Airman finds his voice in a virtual world
355th Fighter Wing Public Affairs
/ Published May 03, 2016
DAVIS-MONTHAN AIR FORCE BASE, Ariz. -- There is a social stigma attached to video games and the people who play them. When picturing a gamer; a well-lit room, socialization, and a strong sense of community, generally doesn’t come to mind.
U.S. Air Force Airman 1st Class Anthony Webb, isn’t your typical gamer. His dorm room is set up as a small studio, complete with a green screen, professional microphone, and three high definition monitors.
Webb takes the hobby a little further by broadcasting his gameplay and his personality to his online followers all across the world. By using an online streaming service, he transmits his visage which appears in the bottom corner of the screen so his viewers can watch and listen to his reactions as he traverses virtual landscapes.
“I would consider myself an entertainer,” said Webb, 612th Air Communications Squadron command and control systems technician. “The entire platform is made to entertain. Some people go on there to learn from it, which I guess can be looked at from that perspective, but I like to be more of an entertainer than a teacher.”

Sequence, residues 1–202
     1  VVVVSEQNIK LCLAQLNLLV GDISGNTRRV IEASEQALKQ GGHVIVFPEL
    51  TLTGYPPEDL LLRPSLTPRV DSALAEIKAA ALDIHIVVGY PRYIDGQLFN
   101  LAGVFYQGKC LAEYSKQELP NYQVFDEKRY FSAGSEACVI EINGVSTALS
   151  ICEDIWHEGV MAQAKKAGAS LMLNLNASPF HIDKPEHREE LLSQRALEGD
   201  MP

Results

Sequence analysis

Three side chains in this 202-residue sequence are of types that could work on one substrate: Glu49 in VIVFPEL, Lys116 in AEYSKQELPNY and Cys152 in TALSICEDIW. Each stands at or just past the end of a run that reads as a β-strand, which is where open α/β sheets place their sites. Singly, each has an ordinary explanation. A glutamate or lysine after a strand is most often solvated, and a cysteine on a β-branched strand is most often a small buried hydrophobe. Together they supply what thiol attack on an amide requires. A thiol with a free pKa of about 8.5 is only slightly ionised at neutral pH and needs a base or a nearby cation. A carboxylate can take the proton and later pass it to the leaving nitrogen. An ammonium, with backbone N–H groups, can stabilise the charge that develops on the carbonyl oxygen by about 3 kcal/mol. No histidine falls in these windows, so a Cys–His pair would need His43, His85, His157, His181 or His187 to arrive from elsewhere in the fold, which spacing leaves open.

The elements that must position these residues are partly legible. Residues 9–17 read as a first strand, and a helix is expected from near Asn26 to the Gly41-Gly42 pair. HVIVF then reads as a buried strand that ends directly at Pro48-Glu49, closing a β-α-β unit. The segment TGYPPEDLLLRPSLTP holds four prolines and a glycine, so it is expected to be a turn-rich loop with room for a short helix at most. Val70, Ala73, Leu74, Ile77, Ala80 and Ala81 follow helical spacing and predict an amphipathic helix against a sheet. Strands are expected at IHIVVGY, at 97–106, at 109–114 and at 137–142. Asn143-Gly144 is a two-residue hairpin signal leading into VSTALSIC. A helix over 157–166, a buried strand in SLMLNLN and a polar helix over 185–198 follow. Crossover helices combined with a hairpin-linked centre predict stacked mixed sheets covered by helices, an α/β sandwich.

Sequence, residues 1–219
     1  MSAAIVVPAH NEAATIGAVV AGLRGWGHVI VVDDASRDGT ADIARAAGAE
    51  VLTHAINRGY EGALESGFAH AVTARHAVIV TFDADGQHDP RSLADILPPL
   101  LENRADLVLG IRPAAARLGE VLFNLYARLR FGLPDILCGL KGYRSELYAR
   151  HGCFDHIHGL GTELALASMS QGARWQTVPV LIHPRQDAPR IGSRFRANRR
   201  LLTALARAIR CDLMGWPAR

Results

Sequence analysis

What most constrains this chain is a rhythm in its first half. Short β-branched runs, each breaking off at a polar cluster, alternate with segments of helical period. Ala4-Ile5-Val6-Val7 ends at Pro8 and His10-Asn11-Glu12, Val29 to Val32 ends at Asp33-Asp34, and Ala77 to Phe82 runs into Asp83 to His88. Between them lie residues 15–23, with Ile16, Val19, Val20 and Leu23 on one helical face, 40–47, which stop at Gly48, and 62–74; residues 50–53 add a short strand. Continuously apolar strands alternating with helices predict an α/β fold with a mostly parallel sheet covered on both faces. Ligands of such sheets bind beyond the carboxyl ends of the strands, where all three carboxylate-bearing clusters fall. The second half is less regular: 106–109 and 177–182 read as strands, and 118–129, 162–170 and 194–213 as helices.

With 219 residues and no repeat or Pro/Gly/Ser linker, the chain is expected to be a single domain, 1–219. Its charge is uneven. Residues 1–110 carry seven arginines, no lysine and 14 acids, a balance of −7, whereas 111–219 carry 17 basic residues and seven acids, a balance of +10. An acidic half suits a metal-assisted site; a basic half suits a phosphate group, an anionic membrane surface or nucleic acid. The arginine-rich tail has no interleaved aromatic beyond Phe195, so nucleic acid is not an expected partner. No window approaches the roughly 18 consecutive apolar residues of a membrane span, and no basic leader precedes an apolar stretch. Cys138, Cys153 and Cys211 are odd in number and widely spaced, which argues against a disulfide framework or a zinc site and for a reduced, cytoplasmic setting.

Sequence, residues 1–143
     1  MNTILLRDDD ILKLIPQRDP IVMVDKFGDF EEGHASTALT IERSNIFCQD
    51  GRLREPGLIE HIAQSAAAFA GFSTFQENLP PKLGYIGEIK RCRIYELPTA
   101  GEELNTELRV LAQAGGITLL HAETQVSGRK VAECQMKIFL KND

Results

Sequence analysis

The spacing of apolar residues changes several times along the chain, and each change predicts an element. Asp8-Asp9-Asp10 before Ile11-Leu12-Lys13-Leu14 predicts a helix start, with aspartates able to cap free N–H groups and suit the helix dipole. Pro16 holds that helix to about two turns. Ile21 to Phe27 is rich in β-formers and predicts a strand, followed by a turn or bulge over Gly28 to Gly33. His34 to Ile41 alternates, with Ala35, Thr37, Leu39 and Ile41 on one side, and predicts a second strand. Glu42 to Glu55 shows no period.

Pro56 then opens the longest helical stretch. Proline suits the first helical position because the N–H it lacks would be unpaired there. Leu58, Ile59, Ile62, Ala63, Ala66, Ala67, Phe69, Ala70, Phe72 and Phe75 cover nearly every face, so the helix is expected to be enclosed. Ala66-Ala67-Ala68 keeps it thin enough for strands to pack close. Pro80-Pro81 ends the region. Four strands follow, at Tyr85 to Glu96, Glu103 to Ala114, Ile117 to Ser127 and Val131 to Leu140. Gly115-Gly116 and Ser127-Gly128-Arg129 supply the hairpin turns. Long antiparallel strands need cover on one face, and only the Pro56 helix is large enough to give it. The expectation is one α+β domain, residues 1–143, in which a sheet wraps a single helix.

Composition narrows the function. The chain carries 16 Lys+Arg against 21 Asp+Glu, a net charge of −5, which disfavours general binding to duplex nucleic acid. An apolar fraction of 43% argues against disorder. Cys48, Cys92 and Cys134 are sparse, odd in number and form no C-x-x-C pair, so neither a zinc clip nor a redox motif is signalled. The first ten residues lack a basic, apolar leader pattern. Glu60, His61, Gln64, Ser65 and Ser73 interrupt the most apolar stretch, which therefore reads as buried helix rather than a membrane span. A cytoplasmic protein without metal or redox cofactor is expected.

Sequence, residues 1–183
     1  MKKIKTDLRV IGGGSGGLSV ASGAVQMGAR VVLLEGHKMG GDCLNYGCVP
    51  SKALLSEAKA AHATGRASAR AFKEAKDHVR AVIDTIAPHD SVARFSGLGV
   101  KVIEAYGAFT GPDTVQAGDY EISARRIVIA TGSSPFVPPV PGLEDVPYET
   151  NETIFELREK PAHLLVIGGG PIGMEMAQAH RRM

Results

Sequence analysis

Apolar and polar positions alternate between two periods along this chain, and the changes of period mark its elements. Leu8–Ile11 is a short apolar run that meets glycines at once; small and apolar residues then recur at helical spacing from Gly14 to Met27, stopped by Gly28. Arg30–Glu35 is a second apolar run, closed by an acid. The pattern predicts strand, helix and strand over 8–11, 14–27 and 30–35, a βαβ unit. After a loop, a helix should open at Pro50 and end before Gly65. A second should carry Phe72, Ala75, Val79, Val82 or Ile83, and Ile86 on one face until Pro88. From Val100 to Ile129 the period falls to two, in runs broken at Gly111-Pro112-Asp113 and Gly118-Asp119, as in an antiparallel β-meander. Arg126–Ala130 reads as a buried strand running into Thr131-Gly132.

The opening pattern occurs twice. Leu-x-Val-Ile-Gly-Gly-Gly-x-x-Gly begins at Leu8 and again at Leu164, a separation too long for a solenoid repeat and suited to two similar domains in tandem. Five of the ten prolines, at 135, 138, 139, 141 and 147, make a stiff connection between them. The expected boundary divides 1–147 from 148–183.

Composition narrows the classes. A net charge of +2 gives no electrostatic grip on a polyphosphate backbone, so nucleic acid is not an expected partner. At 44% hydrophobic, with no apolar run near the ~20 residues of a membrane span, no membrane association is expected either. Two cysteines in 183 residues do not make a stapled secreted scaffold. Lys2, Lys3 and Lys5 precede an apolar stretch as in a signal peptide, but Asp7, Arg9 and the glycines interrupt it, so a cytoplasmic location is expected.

Webb can see the reactions from his viewers coming in through a chat room shown on a monitor that he continually checks.
“I used to be completely antisocial and introverted,” Webb said. “I wouldn’t talk to anybody whether it be online or in person. When I began streaming, I started actually having to talk to people and become a little more open.”
Webb thought about joining the military ever since he was 6 years old. It happened when his uncle, who was also an Airman, returned home for the first time and informed Webb of all the opportunities that were available in the Air Force.
“I realized I needed to open up, especially because I was going to join,” Webb said. “I knew I was going to have get out of my own bubble.”
Interaction with others became easier as Webb continued streaming. He is now set on building a community by streaming five days a week, four to six hours each day. He even holds sessions on Sundays specifically to interact with his followers and receive feedback.
“Now there are a lot of people who actually wait and anticipate watching the stream,” Webb said. “It makes me feel good just knowing I could make someone laugh, smile or even just chuckle a little.”